On Wednesday 22 June 2022, the United Kingdom declared a national incident after vaccine-induced poliovirus was found in sewage samples in North and East London. Wild polio currently exists in only two countries—Pakistan and Afghanistan—and was declared eradicated in the UK in 2003. We are told that positive sewage tests have been found since February 2022, which would suggest that scientists are looking at a hypothesis of ‘ongoing transmission’ around the country.
But is polio the only unusual virus detected in the UK in the last six months, and was it entirely unexpected? Is it sheer coincidence that our very own MHRA is collaborating with the World Health Organisation's Polio Eradication Initiative and houses its polio laboratory at the heart of Britain's medicines regulation complex, at the National Institute for Biological Standards and Control, funded by the Bill and Melinda Gates Foundation?
The UK Health Security Agency (UKHSA), in a March 2019 blog post written when the agency was still designated as Public Health England, warned that a resurgence of Victorian diseases was expected—and that is exactly what we appear to be seeing now, according to current press releases. Professor Mark Woolhouse, professor of infectious disease epidemiology at the University of Edinburgh, describes what we are seeing as ‘chatter’. ‘Chatter’ is the term regularly used by counter-terrorist officers (a not insignificant context, given that the UKHSA’s new name combines the concepts of public health and national security) to describe the small signals that may signify some more major calamity on the horizon. Infectious disease prevention works in much the same way as counter-terrorism. Currently, we are being alerted that ‘chatter’ is getting louder; perhaps this increased volume stems from the heightened awareness of the risks since Covid-19. Even though we have seen the world strengthen its security systems, the world’s best-known public health official, Professor Anthony Fauci, warns of a new ‘pandemic era’.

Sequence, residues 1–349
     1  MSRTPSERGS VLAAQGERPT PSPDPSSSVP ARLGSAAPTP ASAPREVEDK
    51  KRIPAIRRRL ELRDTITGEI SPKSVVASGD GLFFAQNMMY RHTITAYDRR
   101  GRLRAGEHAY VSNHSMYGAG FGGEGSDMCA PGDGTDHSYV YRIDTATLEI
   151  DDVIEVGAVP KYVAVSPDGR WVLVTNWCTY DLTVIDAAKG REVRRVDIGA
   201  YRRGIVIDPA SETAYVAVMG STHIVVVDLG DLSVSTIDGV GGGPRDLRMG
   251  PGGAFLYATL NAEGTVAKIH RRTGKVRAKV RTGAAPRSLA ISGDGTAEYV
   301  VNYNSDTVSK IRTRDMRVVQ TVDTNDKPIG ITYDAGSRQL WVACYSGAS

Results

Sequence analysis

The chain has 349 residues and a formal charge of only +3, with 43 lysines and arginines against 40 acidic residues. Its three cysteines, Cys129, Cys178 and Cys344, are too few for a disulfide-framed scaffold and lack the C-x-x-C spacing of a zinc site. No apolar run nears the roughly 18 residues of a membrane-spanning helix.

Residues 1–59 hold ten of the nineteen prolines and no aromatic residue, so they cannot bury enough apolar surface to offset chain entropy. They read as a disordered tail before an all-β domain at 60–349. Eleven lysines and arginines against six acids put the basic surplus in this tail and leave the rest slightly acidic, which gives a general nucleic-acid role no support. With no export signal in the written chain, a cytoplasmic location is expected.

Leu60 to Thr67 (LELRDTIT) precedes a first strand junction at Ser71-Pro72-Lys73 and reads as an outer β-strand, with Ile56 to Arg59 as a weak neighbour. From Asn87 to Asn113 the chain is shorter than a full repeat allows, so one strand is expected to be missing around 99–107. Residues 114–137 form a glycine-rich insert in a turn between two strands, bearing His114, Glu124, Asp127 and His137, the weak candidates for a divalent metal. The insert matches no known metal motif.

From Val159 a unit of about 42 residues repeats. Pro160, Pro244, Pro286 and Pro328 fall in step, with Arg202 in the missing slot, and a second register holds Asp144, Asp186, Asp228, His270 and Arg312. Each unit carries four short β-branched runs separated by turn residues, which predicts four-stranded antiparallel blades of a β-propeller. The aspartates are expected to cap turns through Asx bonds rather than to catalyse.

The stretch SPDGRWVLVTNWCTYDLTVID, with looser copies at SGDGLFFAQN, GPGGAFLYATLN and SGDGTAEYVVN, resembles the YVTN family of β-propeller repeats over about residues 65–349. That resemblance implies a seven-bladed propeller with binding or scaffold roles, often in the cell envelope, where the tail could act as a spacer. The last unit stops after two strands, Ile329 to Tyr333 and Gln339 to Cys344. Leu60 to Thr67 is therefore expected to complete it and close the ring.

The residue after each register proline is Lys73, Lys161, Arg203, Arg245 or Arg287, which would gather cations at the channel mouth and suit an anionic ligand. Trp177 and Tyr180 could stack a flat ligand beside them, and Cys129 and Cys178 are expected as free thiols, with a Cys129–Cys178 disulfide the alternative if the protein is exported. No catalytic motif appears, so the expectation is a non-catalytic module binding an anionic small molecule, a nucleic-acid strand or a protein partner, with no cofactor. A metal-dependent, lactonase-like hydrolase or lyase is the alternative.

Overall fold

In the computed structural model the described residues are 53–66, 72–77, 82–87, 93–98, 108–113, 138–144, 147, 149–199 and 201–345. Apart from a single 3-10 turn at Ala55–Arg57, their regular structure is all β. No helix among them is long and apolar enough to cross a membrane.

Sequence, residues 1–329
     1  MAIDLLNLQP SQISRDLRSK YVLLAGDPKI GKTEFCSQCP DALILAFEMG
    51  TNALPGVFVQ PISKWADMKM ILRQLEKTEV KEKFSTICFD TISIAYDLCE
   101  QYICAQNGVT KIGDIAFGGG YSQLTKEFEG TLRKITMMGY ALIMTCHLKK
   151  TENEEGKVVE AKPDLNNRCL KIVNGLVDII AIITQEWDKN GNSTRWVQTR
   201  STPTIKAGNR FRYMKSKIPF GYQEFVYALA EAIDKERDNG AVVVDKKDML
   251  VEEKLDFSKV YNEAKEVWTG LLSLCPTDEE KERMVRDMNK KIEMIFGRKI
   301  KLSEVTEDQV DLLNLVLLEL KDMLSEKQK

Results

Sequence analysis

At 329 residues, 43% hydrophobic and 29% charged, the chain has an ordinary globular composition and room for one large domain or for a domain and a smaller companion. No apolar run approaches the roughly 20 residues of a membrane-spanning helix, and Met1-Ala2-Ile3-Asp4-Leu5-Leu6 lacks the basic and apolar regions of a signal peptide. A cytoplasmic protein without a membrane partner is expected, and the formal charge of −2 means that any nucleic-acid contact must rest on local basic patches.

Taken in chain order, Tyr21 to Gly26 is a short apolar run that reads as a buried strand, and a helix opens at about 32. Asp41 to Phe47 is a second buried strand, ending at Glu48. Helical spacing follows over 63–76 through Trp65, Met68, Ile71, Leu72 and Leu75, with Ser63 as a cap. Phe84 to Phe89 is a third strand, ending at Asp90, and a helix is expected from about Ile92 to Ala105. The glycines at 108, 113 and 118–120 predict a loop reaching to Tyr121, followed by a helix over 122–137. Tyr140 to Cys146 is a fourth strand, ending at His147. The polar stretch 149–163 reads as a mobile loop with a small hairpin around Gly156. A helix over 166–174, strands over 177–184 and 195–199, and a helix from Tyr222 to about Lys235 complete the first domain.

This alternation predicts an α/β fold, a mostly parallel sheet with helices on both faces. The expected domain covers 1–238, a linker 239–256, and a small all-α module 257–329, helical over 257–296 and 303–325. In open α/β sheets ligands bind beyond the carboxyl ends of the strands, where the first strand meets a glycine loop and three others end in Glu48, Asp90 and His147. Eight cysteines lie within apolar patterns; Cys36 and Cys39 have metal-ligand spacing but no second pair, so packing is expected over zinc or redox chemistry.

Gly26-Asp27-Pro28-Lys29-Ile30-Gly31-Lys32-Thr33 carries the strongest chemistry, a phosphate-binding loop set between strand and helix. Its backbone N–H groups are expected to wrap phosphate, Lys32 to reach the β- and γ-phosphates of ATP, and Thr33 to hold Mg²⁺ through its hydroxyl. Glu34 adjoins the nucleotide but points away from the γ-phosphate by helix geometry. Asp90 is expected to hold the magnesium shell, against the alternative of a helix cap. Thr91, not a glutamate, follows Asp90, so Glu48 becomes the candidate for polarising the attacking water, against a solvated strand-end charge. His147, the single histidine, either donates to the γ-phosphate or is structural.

Scabies, rickets, scarlet fever, whooping cough, tuberculosis and typhoid fever, amongst others, are returning to Western nations—but not as we remember them. Some of these old terrors will return with a vengeance, as a new variant or strain. Will our old-fashioned belt-and-braces medications that we have come to rely on for so long be effective, if they even prove to be widely available? What is driving the spread of new, old and existing viruses—or is it simply that we are searching every corner of the planet expecting to track down the next pandemic—a case of seek and ye shall find? Perhaps we should brace ourselves, as the blame for resurgent infections is likely to be attributed in public discourse to a variety of reasons: climate change, population growth, rainforest destruction, intense farming, the increased trade in wildlife combined with the exponential rise in zoonotic disease.
As the United Kingdom has been extricating itself from the European Union, non-EU immigration has increased, with large numbers of people travelling to and from Africa and Asia. Despite a couple of years of draconian travel restrictions and Covid lock-ups (sic), travel is still always named as the biggest driver of disease importations. The recent outbreak of monkeypox has been linked to Nigeria, with many more cases attributed to music festivals, adult saunas and orgies around the world. The 2022 British polio outbreak is thought to have been derived from another country, one which still uses a vaccine containing a live weakened strain of the polio virus; this is why the health authorities are describing the strain of poliovirus that they have detected in London as ‘vaccine-derived’. The UK itself has not used this particular vaccine, the Sabin oral vaccine, since 2004; we have reverted to the injectable Salk vaccine for our polio immunisations.